Surfaces prepared by cleavage at ambient temperature, if not annealed or ion bombarded in vacuum, are likely to have relatively well defined andreproducible stoichiometries. While not generally in equilibrium, they should bekinetically stable at room temperature. However, the composition of such a surface is not always easy to specify. In very simple situations, cleavage canproduce two identical surfaces and there is no ambiguity about the surfacetermination. In other cases, cleavage leads to two distinct surfaces. It is alsopossible that there are multiple possible cleavage planes. Consider, for example,the V O structure shown in Fig. 10 [66]. Cleavage at the points labeled A, B, or C lead to distinct terminations. The analysis of STM and AFM images of thesurface and comparison to calculated electron density maps are consistent withthe conclusion that cleavage occurs at C. Based on studies of tungstates,molybdates, and vanadates, it is possible to make the general statement thatoxides cleave at the longest, weakest set of bonds perpendicular to the cleavageplane [66-70].
Fig. 10. (a) Idealized polyhedral projection of the V O structure, showing the three possible planes of cleavage. (b) An STM image of the plane, identified as C.
In section 2 of this chapter, surface character-property relationships for thecatalytic properties of MoO were described. These relationships were deduced largely from experiments on particulate materials. In this section, AFMexperiments are described that were designed to discriminate the functions of thebasal and lateral facets by direct observation. Experiments were conducted onsingle crystals surfaces with a clearly defined orientation and composition thatwere treated in a reactor system capable of reproducing the range oftemperatures and environmental conditions relevant to the oxidation of alcohols[71-75]. Under these conditions, both the morphology and the stoichiometry ofthe surface evolved in a complex way. Room temperature AFM imaging at theconclusion of the treatment was used to determine how the surface structurechanged.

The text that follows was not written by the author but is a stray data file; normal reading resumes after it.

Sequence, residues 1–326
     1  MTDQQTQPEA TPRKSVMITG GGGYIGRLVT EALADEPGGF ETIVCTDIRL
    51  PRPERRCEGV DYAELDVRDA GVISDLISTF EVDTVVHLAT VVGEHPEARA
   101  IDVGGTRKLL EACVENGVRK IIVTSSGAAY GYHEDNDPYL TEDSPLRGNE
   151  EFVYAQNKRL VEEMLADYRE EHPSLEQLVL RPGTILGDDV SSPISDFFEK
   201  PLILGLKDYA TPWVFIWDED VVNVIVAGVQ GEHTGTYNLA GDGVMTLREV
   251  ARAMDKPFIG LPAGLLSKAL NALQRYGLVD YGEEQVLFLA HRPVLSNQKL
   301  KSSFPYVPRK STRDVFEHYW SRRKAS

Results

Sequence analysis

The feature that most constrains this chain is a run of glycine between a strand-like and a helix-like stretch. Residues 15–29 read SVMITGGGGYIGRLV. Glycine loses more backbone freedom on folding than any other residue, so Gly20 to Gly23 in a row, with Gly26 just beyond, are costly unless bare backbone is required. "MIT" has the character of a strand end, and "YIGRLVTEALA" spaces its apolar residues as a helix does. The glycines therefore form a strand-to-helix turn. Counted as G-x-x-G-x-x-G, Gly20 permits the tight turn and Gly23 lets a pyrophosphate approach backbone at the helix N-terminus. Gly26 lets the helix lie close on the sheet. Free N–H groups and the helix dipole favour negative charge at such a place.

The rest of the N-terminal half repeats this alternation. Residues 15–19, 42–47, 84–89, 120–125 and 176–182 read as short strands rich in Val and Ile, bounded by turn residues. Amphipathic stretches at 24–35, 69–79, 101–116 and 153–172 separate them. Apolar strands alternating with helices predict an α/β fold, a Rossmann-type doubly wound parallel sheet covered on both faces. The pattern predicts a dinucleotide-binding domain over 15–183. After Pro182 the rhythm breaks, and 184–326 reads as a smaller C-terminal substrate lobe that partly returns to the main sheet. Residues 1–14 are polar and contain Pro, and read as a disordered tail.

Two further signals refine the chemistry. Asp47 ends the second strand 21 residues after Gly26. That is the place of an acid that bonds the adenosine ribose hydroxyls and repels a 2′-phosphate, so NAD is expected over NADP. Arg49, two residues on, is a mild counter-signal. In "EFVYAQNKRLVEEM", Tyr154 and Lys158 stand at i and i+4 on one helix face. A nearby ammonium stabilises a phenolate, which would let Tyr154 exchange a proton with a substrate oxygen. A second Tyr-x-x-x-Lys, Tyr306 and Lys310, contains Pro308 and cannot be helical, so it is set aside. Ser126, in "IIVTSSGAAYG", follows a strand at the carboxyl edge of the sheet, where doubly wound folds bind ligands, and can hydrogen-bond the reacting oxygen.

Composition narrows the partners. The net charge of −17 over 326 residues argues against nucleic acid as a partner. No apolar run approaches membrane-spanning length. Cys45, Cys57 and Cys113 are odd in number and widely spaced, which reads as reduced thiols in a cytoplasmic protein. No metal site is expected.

The AFM images in Fig. 11 show a variety MoO (010) surfaces before and after reactions with methanol [73, 74]. The images in Fig. 11a and b showthe surface structure before the reaction. Cleavage surfaces, such as thoseillustrated in Fig. 11a, are characterized by atomically flat terraces separated bysteps that have heights that an integer multiple of about 7 Å. This characteristicheight is half the unit cell repeat length along [010] and corresponds to thedistance between the van der Waals gaps which separate the adjacent layers ofthe structure (see Fig. 2). The steps on cleavage surfaces are most frequentlyaligned along [001]. The configuration of steps on a growth surface (see Fig.
11b) is determined by the positions of the screw dislocations. Defects such asthe one near the center of the image in Fig. 11b provide a continuous source ofsteps that facilitates crystal growth. In the reactivity studies described below,there was no detectable difference in properties of the growth surfaces and thecleavage surfaces.